Bulgaria’s election commission penalises ‘Turkish’ party for campaigning in Turkish

Bulgaria’s election commission penalises ‘Turkish’ party for campaigning in Turkish

 

By Clive Leviev – Sawyer of The Sofia Globe

Three members of the Movement for Rights and Freedoms (the MRF), the party led and supported in the main by Bulgarians of Turkish ethnicity, have been penalised by the Central Election Commission for campaigning in Turkish ahead of Bulgaria’s October 5 2014 parliamentary elections.

Electoral law in Bulgaria forbids campaigning in any language other than Bulgarian.

When the electoral law was redrafted earlier in 2014, the MRF sought support from other parties in the now-defunct 42nd National Assembly to get the language provision scrapped. But though the MRF was part of the ruling axis with the Bulgarian Socialist Party, it had no allies on this issue.

The MRF claims that the ban on the use in political election campaigns of a mother tongue other than Bulgaria is a violation of human rights, and out of kilter with Bulgaria’s status as a member of the European Union.

The Central Election Commission drew up citations against three representatives of the party – Yordan Tsonev, number of the MRF candidate list in the Black Sea city of Varna, MEP Ilhan Kucuk and the regional leader of the MRF in Varna, Erdzhan Sebaytin Ebatin.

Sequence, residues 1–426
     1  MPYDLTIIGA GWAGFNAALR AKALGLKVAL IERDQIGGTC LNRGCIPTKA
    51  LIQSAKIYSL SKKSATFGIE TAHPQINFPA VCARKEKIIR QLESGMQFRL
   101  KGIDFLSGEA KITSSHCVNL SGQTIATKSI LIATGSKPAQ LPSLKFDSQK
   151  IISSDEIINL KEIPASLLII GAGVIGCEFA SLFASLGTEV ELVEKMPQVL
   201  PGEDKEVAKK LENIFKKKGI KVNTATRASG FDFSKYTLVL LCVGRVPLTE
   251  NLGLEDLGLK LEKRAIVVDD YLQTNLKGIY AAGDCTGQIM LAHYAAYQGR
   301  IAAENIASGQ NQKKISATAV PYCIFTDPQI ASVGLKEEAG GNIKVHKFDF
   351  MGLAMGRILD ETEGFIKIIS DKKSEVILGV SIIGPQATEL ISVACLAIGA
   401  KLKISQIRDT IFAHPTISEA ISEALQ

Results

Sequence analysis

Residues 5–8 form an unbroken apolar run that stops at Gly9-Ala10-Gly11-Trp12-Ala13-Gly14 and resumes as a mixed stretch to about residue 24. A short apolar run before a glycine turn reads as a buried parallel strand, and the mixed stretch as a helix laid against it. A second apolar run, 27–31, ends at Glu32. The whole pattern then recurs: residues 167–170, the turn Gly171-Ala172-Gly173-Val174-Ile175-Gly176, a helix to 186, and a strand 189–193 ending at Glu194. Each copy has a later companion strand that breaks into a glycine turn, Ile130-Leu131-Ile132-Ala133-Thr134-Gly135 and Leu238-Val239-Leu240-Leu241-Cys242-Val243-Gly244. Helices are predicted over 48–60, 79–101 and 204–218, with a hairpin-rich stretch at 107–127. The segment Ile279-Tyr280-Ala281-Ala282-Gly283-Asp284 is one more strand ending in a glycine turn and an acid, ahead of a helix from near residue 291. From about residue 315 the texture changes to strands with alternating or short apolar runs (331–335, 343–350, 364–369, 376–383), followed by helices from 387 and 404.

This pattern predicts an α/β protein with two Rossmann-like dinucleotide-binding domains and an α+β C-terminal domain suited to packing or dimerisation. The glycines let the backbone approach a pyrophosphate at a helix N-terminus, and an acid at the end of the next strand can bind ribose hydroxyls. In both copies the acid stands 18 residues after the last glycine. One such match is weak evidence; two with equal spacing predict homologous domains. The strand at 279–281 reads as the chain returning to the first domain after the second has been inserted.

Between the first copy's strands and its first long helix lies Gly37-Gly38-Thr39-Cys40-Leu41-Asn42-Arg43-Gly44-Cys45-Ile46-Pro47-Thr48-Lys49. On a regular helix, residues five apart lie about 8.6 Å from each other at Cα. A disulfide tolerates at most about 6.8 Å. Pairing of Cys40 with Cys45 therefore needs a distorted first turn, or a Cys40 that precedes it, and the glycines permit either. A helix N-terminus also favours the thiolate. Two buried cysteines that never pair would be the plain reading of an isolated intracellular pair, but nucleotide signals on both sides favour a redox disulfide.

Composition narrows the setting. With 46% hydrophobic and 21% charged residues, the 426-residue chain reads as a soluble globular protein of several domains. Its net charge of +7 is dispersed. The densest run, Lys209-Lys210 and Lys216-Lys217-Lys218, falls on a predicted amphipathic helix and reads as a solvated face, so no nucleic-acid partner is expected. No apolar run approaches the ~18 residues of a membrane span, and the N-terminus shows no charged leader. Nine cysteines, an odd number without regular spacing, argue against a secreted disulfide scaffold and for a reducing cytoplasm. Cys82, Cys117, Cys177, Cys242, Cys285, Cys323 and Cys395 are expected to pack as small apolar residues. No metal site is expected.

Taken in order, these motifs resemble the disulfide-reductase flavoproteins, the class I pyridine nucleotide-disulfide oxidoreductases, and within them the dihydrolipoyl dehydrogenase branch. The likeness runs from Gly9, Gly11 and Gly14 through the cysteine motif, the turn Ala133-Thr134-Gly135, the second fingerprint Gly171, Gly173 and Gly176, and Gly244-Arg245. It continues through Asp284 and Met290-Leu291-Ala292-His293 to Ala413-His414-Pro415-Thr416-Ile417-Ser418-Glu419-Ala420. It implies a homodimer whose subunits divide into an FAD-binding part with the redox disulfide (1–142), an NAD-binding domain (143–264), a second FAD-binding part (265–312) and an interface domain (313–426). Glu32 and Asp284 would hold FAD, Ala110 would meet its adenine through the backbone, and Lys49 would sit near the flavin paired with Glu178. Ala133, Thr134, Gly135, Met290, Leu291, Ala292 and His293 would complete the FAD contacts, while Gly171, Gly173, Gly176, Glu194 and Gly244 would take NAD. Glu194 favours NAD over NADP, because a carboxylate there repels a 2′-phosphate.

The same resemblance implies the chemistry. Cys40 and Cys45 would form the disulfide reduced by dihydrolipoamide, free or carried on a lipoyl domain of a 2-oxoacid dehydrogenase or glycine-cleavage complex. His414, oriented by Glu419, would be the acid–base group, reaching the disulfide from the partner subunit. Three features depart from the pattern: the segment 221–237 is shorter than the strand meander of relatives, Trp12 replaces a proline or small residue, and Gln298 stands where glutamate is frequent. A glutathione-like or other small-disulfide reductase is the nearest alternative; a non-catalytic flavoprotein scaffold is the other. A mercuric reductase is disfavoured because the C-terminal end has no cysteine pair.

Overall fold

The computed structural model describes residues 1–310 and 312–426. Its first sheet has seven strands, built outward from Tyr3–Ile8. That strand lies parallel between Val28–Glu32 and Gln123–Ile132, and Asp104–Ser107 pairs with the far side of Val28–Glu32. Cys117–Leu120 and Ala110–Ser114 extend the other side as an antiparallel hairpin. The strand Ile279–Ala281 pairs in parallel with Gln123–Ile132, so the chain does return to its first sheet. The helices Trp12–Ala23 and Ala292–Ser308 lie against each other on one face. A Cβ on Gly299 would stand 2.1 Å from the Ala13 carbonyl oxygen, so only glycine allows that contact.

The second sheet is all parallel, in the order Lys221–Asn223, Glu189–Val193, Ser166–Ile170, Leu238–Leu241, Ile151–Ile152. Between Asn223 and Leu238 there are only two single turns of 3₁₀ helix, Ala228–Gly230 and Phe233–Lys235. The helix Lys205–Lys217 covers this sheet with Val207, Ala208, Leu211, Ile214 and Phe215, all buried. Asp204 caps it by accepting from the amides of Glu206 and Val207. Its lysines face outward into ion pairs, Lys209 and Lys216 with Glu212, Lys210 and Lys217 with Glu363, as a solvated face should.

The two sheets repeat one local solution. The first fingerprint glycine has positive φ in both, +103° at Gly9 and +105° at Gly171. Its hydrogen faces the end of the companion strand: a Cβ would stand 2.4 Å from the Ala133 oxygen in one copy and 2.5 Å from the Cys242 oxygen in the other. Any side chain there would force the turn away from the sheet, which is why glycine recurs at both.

Kucuk and Ebatin were the subject of a complaint to the CEC that they had spoken in Turkish at a campaign launch in Dolni Chiflik. Recordings were posted on various websites, including Bulgarian video site vbox7, YouTube and others.

Tsonev spoke in Bulgarian except for giving a welcome in Turkish. “I congratulate you in the mother tongue, so that when they fine the other collagues, they fine me too,” he said, adding that the language provision was discriminatory.

“I want to hear what the number of the ballot is in your native language,” he said.

The law provides for fines of 200 to 2000 leva (about 100 to 1000 euro) for violating the language provision.